Adolescent bullies are using social media as a newmeans to effectively impact on the lives of their victims. As of June 2017,there are over 7.5 billion facebook users worldwide, with a growth rate of justover 280% in the past 7 years. (Internet World Stats, 2017)This phenomenal rise, and social media’spopularity among adolescents, has caused a marked increase in the prevalenceand effectiveness of cyber bullying, and given bullies a whole new setof tools with which to target their victims.
These range from humiliatingphotographs, Insults and racism, to cyberstalking and threatening messages (Katz,2012). Traditional bullying can be defined by the criterion of “intent,repetition and power imbalance” (Hellstrom, Persson, & Hagquist, 2015).However, (Hellstrom, et al., 2015) found thatadolescents see physical or mental injury on the part of the victim as not aconsequential, but essential criterion to the definition of bullying. This isparticularly significant in the identification of cyberbullying, which, by the relativenature of its definition, makes applying the same yardstick to all situations nextto impossible. Cyberbullying by way of social media is a cruel and effectivenew form of peer victimisation affecting the lives of many modern-dayadolescents, this is a growing problem, with no end in sight. Recent studies have shown that social media platformslike facebook have a propensity toward addiction; foster emotional dependence,and have a negative impact on adolescents’ psychological well-being. Adolescentsare spending copious amounts of time on social platforms forming addictions that,according to (Hormes, Kearns, & Timko, 2014), compare closely to the effectsof substance abuse, both in there “symptoms, course and underlying mechanisms”(Hormes et al.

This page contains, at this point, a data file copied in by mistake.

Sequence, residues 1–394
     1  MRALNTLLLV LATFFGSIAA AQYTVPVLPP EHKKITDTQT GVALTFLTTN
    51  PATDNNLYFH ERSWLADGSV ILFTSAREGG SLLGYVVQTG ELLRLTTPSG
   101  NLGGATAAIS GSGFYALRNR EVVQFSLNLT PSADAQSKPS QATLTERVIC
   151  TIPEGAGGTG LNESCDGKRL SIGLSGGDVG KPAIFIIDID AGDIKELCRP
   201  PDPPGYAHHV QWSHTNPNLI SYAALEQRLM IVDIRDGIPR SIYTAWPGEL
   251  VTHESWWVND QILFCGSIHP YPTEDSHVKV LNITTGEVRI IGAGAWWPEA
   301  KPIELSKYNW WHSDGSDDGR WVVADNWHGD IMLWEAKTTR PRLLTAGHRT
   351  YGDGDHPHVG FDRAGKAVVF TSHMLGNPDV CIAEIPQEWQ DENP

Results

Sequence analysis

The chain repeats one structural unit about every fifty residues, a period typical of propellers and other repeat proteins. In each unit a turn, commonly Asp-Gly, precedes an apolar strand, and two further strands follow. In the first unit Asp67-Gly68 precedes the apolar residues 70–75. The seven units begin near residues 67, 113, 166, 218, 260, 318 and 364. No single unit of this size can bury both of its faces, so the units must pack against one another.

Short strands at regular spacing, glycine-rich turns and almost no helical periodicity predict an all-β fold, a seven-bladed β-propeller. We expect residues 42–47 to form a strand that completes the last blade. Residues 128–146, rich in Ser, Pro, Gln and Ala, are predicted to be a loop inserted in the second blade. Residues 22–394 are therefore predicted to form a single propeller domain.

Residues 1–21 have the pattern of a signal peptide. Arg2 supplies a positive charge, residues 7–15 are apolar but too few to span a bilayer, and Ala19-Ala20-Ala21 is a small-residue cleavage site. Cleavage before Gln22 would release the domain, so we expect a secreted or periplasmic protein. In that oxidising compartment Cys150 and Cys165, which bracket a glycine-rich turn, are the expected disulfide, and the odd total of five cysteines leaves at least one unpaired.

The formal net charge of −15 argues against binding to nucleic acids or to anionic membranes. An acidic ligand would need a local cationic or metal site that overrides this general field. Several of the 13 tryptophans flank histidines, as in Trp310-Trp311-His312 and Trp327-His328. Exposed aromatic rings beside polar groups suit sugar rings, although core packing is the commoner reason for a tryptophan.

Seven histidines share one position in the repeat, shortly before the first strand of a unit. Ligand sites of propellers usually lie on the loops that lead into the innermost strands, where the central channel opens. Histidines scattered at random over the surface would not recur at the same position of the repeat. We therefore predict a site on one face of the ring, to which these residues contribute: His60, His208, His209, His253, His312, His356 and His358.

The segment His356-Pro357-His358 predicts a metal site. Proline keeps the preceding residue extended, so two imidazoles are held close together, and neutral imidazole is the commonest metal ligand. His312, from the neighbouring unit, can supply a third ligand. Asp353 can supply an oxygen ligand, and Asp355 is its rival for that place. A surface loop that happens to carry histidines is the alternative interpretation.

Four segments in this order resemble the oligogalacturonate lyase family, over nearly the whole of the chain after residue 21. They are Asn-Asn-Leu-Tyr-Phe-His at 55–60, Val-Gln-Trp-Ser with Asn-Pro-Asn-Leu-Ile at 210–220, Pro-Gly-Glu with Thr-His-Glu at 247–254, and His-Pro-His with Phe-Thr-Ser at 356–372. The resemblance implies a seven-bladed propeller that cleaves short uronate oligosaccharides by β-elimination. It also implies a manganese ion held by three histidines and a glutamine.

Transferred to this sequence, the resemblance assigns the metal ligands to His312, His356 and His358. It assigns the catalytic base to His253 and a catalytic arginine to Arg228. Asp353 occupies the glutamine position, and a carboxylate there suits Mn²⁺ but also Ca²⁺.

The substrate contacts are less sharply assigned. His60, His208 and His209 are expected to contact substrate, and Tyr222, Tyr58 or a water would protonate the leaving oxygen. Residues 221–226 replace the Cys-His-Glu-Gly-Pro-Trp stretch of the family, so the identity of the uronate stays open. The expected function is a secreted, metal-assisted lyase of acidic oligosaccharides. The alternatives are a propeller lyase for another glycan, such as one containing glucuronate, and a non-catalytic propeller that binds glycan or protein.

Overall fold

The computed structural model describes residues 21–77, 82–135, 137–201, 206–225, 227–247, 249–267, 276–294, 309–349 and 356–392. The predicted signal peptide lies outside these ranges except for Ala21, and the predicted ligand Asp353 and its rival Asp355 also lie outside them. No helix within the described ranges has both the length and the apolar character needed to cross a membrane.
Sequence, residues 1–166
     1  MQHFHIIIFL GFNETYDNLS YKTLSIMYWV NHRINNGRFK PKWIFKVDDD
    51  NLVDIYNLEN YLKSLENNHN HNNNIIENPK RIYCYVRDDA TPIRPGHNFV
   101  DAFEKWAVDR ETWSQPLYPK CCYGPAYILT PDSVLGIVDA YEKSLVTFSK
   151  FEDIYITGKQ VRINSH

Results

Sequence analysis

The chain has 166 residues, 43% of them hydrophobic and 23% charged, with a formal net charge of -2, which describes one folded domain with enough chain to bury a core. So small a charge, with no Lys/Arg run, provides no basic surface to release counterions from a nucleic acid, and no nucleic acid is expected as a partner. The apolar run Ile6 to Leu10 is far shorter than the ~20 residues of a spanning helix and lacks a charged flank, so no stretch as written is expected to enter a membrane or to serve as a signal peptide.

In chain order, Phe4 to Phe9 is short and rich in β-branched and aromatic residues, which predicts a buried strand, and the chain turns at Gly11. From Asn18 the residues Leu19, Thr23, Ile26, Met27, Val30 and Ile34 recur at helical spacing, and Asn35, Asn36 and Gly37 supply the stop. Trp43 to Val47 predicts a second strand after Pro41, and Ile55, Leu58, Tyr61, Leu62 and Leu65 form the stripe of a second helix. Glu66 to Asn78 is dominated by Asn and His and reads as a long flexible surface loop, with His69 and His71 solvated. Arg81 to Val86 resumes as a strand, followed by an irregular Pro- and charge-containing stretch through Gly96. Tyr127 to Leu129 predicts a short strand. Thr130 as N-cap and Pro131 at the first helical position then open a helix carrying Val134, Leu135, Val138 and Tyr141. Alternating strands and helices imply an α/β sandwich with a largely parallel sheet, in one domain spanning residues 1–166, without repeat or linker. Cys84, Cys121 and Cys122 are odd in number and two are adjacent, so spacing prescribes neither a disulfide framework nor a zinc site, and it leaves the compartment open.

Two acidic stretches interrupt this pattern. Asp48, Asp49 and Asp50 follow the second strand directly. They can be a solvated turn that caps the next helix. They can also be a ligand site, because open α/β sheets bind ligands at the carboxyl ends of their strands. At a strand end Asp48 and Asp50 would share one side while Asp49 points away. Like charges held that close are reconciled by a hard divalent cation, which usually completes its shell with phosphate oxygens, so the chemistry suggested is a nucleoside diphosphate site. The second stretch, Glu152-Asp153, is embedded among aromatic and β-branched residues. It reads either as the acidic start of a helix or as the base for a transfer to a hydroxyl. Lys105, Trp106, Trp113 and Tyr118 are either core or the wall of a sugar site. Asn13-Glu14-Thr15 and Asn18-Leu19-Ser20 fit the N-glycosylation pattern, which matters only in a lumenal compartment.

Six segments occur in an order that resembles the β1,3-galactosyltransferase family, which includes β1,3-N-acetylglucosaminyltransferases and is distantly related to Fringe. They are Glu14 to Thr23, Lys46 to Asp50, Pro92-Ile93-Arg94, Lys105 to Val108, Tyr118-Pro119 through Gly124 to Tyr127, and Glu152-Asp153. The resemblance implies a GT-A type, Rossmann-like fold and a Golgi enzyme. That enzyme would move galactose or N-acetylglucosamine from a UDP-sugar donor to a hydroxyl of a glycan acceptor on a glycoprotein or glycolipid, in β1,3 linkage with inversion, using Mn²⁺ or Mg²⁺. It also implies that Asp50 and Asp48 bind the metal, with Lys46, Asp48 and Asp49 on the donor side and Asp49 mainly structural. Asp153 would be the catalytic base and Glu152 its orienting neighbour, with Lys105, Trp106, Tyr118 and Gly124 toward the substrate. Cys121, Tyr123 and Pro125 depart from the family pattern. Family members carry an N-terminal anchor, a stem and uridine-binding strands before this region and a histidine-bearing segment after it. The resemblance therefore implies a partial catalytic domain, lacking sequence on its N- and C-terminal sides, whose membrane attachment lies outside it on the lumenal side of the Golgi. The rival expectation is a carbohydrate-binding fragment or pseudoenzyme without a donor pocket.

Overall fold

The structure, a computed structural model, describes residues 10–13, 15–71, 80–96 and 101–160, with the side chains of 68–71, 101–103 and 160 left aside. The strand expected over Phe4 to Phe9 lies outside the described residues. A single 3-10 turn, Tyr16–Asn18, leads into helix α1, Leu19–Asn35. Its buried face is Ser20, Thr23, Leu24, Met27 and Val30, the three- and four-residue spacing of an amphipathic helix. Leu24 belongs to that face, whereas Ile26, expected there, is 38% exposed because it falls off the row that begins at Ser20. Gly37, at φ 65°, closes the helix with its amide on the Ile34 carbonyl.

, 2014, p.1). This addiction leads to a complete emotionaldependence on social media, and a perception that all self-worth and happiness,depend on the success of their online social profiles. (Naeemi? & Temem,2017). Furthermore, social media is replacing real life social involvement andinteraction. Social involvement can be defined as “engagement in occupationsthat enable shared, meaningful social connection among family, friends orcommunities of people.
” (Kennedy, & Lynch, 2016, p.2). Therefore, insteadof interacting with the people around them, social networking encouragesadolescents to spend hours upon hours talking to people whom they have neveractually met, resulting in weak and superficial friendships. (Naeemi &Temem, 2017). Many social media users are struggling with social mediaaddiction, where the emotional dependence and reliance on platforms likefacebook are having a negative effect on their psychological wellbeing.